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Wednesday, April 28, 2010

Book Reviews

I have recently purchased a couple of books on cycling and advocacy. My goal is in my spare time (ha!) to read both books and summarize them chapter by chapter here. Hopefully this will get some good dialogue going as well.

The first book I'll take a crack at is The Cyclist's Manifesto - The Case for Riding on Two Wheels Instead of Four - by Robert Hurst.

Mr. Hurst is a bicyle messager with over 20,000 hours of cycling in heavy traffic with over 200,000 miles logged on his bicycle. He lives in Denver, Colorado.

Chapter 1 entitled Interesting Times covers the rise and fall of oil/gas prices during 2008/2009. He talks about how Americans are addicted to the automobile and the idea of the independance an automobile gives one.

Mr. Hurst also admits that the bicycle will not solve the worlds energy problems. But on an individual level - the bicycle can transform lives.

Perhaps in Chapter 2 we will get a better understanding of what he means by that.

stay tuned.


  1. Check Cyclist Manifesto with Pat. He thought it was great.

  2. I have just an initial observation about Mr Hurst and his book. As your reviews continue, it will be interesting to see how you view the book.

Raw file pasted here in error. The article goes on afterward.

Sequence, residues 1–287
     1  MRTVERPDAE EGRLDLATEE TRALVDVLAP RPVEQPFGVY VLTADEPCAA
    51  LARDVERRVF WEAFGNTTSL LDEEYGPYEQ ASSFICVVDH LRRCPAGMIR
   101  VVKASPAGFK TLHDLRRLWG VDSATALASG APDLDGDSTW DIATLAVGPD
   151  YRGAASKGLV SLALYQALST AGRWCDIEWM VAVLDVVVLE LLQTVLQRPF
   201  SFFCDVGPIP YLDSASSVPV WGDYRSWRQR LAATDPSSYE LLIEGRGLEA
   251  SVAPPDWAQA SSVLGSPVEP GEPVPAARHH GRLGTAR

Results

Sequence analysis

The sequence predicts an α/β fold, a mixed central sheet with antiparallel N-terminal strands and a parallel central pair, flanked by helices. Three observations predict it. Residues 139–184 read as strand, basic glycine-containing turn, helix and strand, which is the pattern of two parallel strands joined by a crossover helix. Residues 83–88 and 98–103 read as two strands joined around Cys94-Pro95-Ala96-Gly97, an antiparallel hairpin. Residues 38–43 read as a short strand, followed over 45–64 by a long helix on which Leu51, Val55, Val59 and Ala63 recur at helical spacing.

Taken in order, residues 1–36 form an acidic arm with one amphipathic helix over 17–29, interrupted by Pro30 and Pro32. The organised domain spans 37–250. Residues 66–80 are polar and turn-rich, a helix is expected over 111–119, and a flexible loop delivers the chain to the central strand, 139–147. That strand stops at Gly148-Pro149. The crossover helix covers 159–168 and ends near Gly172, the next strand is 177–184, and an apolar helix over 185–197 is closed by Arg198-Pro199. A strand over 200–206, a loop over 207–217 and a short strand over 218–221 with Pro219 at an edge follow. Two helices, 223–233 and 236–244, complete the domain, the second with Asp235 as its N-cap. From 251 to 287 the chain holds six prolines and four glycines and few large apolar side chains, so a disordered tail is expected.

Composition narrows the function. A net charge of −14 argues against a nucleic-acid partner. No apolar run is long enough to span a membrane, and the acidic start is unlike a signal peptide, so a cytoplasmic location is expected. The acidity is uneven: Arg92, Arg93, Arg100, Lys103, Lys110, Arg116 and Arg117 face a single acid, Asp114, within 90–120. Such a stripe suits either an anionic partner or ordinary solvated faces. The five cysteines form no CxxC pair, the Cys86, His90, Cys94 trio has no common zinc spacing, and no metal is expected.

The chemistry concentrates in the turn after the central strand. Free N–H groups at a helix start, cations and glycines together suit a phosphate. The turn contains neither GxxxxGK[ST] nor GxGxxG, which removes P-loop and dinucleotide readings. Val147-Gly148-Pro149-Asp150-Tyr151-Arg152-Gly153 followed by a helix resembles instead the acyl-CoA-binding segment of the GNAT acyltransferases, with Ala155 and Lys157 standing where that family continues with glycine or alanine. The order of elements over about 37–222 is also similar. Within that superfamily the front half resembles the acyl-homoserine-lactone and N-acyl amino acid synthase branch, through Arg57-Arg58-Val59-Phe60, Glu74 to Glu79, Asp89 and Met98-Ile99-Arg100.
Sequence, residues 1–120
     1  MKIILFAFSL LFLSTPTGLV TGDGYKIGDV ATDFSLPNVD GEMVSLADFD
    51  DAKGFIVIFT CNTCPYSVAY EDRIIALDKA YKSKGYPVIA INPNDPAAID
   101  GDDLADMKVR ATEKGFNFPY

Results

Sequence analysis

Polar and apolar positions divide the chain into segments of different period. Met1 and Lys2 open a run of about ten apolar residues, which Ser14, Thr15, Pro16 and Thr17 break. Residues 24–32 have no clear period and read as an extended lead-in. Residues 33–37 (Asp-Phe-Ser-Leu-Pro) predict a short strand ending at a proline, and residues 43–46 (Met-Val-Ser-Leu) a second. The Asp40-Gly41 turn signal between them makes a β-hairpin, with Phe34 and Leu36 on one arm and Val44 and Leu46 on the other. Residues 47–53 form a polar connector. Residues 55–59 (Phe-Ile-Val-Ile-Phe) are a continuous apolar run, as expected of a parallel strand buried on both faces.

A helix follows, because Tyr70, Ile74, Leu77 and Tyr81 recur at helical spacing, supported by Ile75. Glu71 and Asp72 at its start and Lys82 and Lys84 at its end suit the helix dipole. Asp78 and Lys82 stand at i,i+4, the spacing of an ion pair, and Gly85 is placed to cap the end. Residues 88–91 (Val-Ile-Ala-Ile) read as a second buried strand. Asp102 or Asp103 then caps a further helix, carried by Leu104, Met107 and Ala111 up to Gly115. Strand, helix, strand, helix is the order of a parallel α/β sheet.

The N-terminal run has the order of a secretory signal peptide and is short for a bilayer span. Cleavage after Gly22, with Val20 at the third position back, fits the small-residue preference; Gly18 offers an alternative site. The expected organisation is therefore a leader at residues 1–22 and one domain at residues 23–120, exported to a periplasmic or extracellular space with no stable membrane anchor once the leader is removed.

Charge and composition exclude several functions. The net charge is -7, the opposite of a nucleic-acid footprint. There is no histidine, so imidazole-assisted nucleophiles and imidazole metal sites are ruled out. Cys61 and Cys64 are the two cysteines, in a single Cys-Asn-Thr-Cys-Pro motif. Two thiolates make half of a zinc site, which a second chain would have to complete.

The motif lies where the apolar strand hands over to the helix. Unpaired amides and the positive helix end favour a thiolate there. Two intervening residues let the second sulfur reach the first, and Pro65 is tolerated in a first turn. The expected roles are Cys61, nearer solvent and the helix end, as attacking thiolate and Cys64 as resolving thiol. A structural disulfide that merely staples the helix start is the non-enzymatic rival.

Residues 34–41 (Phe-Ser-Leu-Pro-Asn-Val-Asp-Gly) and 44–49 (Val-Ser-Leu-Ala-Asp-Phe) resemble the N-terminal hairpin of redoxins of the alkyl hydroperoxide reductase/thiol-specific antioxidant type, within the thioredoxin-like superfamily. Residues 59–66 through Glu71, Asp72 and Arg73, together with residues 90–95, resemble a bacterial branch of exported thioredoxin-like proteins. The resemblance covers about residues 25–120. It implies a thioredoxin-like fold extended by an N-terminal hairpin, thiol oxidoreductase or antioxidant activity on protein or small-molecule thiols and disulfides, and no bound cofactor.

Hurst is the author of a number of books aimed at helping new riders navigate the perils of the auto-centric urban environment. Most notably, he wrote a book called ¨The Art of Urban Cycling,¨ which is a sort of thoroughgoing treatment of the conditions faced by urban bicyclists and prescriptions for how to overcome the city´s myriad challenges.

    This earlier text, along with Hurst´s deceleration that America will never be a nation that bicycles like the Netherlands or Denmark, belies his need to identify as a ¨cyclist.¨ What I mean is, Hurst needs to see himself as a sort of lone wolf battling the dangers of urban traffic; it feeds his own image as a ¨cyclist,¨ but it problematically precludes the possibility of normalizing the bike. This perspective obscures his intellectual prowess as he reduces the high levels of cycling in the Netherlands and Denmark to accidents of history, seemingly un-preventable trajectories of Northern European Cultural evolution. In truth, these high bicycling levels are man made consequences of specific traffic policies.

    For many ¨cyclists,¨ if women and children and grandmas take to the bike in droves, both the risk and excitement factor for urban cycling declines precipitously. It becomes ¨less cool¨ to ride, and, suddenly, the world occupied by bicycle messengers and urban warriors has been taken over by pig-tailed little girls and 10K per hour pedaling grannies. Many bike people are afraid of losing their image to such heresy.

    One of the challenges BWTN faces as it continues to grow is learning to appreciate the dedicated cyclists in our midst without compromising a future generation of would-be bicyclists. In this regard, Mr Hurst´s book leaves some advocates yearning for better insight.

  3. oh, well, okay...on to the next book... :)